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What's New?/NI Hector's Dolphin last updated 08 June 2005
North Island Hector's Dolphin - help protect this critically endangered population
hector's dolphin jumping
 
First, some good news...

There is a protected area for the North Island Hector's dolphin, also known as Maui's dolphin, that extends four nautical miles off the coast, from Maunganui Bluff (north of Dargaville) to Pariokariwa Point (north of New Plymouth). The protected area encompasses some 400km of coastline. This is major progress. To see how this decision was reached, read on...

 

Hector's dolphin is an endangered species, only found in New Zealand. The North Island population is very small (just over 100 individuals, Slooten et al., 2004, 2005) and has recently been listed as critically endangered on the international Red List of threatened species (IUCN, 2000). North Island and South Island Hector's dolphins are genetically different (Pichler et al., 1998).

The North Island population (like several other Hector's dolphin populations) is declining (Martien et al., 1999; Pichler and Baker, 2000), due to bycatch in gillnets (Martien et al., 1999). A sustainable level of bycatch would be about one dolphin every 5 years. A meeting of fishers, conservation groups, scientists and government officials (in Wellington, May 2000) agreed that bycatch should be reduced to zero, to allow the population to recover. The only effective way to achieve this would be to avoid overlap between dolphins and gillnets. In addition, it will be important to keep a close eye on other human activities in the area. For example, recent proposals to carry out sand mining throughout the range of North Island Hector's dolphins is not good news.

North Island Hector's dolphins are found between Maunganui Bluff (north of Dargaville) and New Plymouth. To reduce bycatch of Hector's dolphins to sustainable levels, it would be necessary to avoid gillnetting and trawling for this whole area, out to at least four nautical miles offshore.

 

Will this be sufficient?

There are still concerns about the following issues in particular:

  • The current protected area does not include the harbours on the North Island west coast
  • It does not include restrictions on trawling
  • There are no restrictions on other activities like sand mining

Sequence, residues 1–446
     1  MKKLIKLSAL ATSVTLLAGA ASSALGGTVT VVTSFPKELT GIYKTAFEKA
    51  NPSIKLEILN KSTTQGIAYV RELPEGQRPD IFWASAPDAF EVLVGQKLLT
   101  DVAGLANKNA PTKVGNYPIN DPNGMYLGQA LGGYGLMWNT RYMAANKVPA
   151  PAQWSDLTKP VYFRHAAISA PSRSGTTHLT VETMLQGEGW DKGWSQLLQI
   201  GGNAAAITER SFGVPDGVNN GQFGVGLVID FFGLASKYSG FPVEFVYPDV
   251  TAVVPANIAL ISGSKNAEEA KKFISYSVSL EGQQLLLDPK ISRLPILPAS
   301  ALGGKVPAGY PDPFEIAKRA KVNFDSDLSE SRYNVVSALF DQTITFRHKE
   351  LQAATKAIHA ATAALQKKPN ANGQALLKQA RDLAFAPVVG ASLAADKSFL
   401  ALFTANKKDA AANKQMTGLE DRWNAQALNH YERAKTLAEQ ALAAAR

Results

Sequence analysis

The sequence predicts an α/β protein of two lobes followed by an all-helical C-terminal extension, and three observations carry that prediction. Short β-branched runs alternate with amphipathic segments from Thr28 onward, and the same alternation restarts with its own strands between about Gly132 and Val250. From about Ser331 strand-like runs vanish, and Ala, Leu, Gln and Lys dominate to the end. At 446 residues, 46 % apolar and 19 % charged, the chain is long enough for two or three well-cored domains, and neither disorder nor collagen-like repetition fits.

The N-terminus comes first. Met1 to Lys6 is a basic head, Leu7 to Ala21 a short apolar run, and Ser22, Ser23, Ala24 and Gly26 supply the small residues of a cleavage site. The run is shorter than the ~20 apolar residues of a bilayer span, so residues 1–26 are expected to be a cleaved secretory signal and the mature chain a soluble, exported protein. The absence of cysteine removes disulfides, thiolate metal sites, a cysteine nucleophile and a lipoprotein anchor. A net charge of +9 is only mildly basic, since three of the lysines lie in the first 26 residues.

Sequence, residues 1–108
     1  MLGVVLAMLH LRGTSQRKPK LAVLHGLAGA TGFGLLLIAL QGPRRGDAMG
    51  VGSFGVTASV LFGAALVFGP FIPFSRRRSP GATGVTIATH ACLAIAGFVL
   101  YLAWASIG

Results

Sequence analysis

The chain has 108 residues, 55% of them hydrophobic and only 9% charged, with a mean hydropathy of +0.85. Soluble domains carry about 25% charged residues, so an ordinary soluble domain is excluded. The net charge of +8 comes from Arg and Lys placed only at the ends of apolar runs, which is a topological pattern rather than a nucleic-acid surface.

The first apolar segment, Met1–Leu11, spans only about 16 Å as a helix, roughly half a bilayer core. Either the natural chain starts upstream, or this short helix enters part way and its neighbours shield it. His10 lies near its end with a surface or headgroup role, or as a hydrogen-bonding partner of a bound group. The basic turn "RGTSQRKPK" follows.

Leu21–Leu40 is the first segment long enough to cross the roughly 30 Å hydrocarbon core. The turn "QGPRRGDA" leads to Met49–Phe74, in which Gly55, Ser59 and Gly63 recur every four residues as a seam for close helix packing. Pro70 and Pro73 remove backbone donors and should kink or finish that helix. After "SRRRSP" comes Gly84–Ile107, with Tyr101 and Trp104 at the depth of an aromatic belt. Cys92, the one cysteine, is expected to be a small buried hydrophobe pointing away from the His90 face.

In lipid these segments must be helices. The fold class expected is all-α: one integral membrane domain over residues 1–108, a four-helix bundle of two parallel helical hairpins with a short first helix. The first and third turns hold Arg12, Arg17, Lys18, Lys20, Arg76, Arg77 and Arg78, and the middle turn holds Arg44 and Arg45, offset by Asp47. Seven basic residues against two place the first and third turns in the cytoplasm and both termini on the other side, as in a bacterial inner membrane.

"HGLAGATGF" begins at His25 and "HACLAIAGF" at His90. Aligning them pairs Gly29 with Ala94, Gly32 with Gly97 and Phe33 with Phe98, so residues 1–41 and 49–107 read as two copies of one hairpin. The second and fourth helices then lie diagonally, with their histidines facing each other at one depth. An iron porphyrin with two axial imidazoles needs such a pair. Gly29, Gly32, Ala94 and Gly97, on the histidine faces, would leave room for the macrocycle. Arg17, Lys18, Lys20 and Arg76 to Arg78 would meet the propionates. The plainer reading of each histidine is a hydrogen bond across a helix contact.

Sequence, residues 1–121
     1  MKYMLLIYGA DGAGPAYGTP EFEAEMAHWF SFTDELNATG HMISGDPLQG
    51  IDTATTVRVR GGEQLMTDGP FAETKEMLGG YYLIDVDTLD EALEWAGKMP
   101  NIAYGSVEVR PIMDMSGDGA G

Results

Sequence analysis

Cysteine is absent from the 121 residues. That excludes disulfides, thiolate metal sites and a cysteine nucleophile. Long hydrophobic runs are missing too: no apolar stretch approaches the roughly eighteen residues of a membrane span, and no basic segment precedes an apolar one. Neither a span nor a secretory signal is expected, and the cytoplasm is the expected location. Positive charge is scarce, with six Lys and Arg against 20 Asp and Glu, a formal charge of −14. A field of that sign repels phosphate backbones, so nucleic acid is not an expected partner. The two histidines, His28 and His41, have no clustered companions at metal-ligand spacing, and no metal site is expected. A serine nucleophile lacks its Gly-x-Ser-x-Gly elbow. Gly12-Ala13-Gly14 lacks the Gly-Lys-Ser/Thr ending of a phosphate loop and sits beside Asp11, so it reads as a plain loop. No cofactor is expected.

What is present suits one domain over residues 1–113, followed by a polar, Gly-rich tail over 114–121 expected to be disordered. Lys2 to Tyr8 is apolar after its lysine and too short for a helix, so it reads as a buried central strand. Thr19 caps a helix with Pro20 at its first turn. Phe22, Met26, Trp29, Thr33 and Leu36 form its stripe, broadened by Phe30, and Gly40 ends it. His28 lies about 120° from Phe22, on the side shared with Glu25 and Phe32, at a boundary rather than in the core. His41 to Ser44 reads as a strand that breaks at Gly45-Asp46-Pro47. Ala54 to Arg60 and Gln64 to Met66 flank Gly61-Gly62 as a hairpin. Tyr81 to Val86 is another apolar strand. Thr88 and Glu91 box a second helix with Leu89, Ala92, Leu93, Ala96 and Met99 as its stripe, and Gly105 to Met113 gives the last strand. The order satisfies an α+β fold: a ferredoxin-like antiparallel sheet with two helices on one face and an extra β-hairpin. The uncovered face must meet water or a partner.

Hector's dolphins have been sighted in the harbours on the North Island west coast, and further research is planned to find out how much time they spend in these harbours. While not as much of a risk as gillnetting, Hector's dolphins are regularly caught in trawl fisheries. Recent population modelling by a group of scientists led by the Ministry of Fisheries suggests that current protection may not be sufficient to prevent further population decline.
 
Why was the North Island Hector's dolphin sanctuary necessary?
It seems that the majority of New Zealanders are very concerned about Hector's dolphin conservation, but opinions certainly range the whole spectrum from "let's do something right now!" through to "why should I care?". So, why should we care...
 
Hector's dolphins are only found in New Zealand
The species is listed as endangered, and the North Island population as critically endangered, on the international Red List of Endangered Species. This is an international recognition that impacts on the species are not sustainable, and the species will go extinct unless we act. Or, rather unless we stop acting...
This is our fault
We are the reason that Hector's dolphins are threatened with extinction. New Zealanders are threatening the existence of Hector's dolphins by catching them in fishing gear, polluting their environment and killing dolphins by running over them in boats.
The main threat is gillnet entanglement
Hector's dolphins are caught in trawls and gillnets. The risk of entanglement in gillnets, per day fishing, is far greater for gillnetting. Gillnet fishing, on its own, is sufficient to cause populations around NZ to decline and ultimately to go extinct.
This threat is totally and easily avoidable